The regulations governing the use of display screen equipment state that every employer shall allow for daily work on display screen equipment to be periodically interrupted by breaks or changes of activity, so as to reduce the workload at that equipment.
So, as someone who works at a screen all day, what does this mean for you?
In an ideal world, jobs using display screen equipment would be designed to consist of a mixture of screen-based and non-screen based work, in order to prevent fatigue and to vary visual and mental demands. If this is not possible, and natural breaks and pauses do not occur as a consequence of the organisation of your work, then deliberate breaks or pauses must be introduced.
The following guidelines may be helpful:
1. Breaks or changes of activity should be included in working time. They should not result in a higher pace or intensity of work once introduced.
2. Breaks should be taken before you get tired; this is better than taking a break to overcome fatigue.
3. Appropriate timing of your break is more important than how long your break is.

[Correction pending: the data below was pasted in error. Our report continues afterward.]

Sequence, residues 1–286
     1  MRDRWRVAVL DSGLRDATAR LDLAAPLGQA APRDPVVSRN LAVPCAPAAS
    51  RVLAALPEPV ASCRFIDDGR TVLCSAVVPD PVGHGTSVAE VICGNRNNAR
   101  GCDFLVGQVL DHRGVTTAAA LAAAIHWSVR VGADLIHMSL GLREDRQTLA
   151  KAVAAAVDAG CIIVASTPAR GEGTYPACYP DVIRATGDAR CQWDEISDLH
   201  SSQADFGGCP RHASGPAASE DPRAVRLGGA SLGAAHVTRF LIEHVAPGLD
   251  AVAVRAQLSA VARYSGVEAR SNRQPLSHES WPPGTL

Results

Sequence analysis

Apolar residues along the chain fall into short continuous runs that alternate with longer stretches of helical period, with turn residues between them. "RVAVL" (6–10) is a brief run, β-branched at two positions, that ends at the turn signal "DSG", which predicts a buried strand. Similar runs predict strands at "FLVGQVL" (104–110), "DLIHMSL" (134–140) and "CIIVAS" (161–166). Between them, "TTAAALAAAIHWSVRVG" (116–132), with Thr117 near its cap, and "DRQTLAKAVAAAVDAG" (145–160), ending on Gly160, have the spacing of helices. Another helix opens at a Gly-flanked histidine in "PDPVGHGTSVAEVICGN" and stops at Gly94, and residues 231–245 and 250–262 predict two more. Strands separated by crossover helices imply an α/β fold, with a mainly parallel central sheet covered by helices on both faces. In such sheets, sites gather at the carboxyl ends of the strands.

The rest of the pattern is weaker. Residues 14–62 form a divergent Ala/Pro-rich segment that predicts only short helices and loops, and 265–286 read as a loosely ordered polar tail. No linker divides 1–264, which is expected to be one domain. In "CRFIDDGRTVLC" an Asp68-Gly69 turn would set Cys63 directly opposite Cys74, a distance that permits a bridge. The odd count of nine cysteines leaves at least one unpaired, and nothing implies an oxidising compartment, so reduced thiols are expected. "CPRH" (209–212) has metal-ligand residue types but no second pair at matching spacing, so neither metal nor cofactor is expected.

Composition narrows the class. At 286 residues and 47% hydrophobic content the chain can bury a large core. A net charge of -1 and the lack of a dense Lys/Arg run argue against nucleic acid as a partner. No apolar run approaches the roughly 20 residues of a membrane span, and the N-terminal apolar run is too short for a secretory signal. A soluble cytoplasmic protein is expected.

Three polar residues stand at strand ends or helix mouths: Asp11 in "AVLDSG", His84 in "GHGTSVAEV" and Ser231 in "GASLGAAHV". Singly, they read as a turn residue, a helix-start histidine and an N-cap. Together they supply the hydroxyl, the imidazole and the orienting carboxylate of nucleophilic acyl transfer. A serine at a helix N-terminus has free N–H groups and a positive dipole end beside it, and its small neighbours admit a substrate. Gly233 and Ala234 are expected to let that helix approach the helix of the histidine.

4. It is better for you to take short, frequent breaks, such as a 5-10 minute break after 50-60 minutes of continuous screen or keyboard work, rather than occasional longer breaks, such as 15-20 minutes every 2 hours.
5. You should be allowed some discretion as to when you can take your breaks. If you have individual control over the nature and pace of your work, you are more likely to have a better distribution of work effort over the course of your working day.
6. Try to include time spent doing other tasks not using display screen equipment in your working day, as this appears to be more effective in relieving eye strain than formal rest breaks.
7. Ensure that your breaks are taken away from the DSE workstation and allow you to stand up and move about.
8. During your breaks, avoid any activities that would demand similar use of your arms or hands as those involved in your DSE work.
9. If your DSE work is visually demanding, ensure that your breaks are of a different visual nature.
10. Avoid using any display screen equipment during your break, including smart phones, for any purpose, including surfing the net or social media sites.
11. Consider using break-prompting software to ensure you take regular breaks.
12. Introducing brief stretching exercises, that can be carried out during your break or at your workstation, can help reduce the negative effects of prolonged postures at display screen equipment.
If you would like further advice on appropriate stretches that you can do both at and away from your workstation, please contact us for further information and one of our highly experienced chiropractors will be happy to help.